Dog Days of Summer Update

person holding a glass ball
Photo by Arthur Ogleznev on Pexels.com

It’s the Dog Days of Summer. Hot, hazy days and steamy moonlit nights. The last elusive days of carefree summer before school starts again. (Theoretically, people go on vacation about now, but I wouldn’t know about that, as I’m currently working 50+ hours a week at the Six Figure Day Job. Kinda burned all of my vacation days when I was out battling cancer earlier this summer). I haven’t been spending as much time as I would like on some of my midyear personal finance goals because of a) working long hours; and b) wanting to be outside enjoying summer when not working long hours. But I do have several positives to report, as follows:

  • All cancer bills paid in full (with cash). This is such a relief. No more bills coming in the mail, no more conserving fun-money spending cash to use for medical bills instead of fun. And I did it all within 1 month of going back to work from medical leave, to the tune of about $7,000 out of pocket. Done and done due to sound financial planning.
  • Savings/money market accounts refreshed. I am presently building up 3 different cash-based (ie, liquid/non-investment) savings accounts: a low-cost money market fund with Vanguard; a traditional savings account with Chase (keeping a smaller balance, just enough to help keep my banking fees low); and a high-interest online savings account with Discover, where I also hold a cash-back credit card that I pay in full every month. I had to deplete these accounts quite a bit during my cancer-treatment phase (due to both lost income and bills) so it feels good to see the balances going up again instead of down.
  • My younger child is entering kindergarten this year, which means my private-school tuition bills are now 50% of what they were last year. (Not only is the K-8 tuition cheaper than the preschool tuition at our local Catholic school, I AM NOW FINALLY ELIGIBLE FOR THE MULTI-CHILD K-8 DISCOUNT!!) This effectively cuts our monthly school tuition bill in half. Furthermore, sending both kids to the highly rated (U.S. Blue Ribbon National School of Excellence) Catholic school, which includes subsidized after-school care is actually cheaper than it would cost me to send the kids to the local public school because a) the public school does not have all-day kindergarten; and b) the local non-Catholic day care center charges a small fortune for after-school care. And the Catholic school has better academics than the public school near me by far—and you do not have to be Catholic to send your kids there, either. (This is a classic example of Getting More For Your Money).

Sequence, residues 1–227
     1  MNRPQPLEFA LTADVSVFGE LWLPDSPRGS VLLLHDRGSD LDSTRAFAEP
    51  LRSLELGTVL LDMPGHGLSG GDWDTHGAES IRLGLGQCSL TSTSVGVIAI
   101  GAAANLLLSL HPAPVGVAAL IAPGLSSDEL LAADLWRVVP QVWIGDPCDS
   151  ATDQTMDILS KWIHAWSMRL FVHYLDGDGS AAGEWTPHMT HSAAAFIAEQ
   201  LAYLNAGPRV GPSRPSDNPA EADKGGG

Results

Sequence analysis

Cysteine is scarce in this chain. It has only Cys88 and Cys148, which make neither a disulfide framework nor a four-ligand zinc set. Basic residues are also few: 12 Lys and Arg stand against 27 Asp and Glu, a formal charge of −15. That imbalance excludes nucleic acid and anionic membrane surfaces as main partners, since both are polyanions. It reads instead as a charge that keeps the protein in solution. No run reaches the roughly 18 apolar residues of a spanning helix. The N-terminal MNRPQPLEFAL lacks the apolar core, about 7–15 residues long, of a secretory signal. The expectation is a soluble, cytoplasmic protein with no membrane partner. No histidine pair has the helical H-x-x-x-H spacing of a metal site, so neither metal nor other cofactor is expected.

• My garden is growing well. I will soon be able to harvest tomatoes, spinach, radishes, and cucumbers, and have been harvesting fresh herbs since the spring. And since all I paid for them was the cost of seeds, water, and the labor I put in myself, it’s basically YAY FREE ORGANIC PRODUCE IN MY YARD.

There is a stack of personal-finance magazines on my back porch waiting for me to read them so I can get ideas for rebalancing my investment accounts for the second half of 2018, but I am putting that off for a bit longer. It’s Dog Days of Summer. I have some lazy lounging to do in my yard first.

I remain your Cheap Yuppie Mom.

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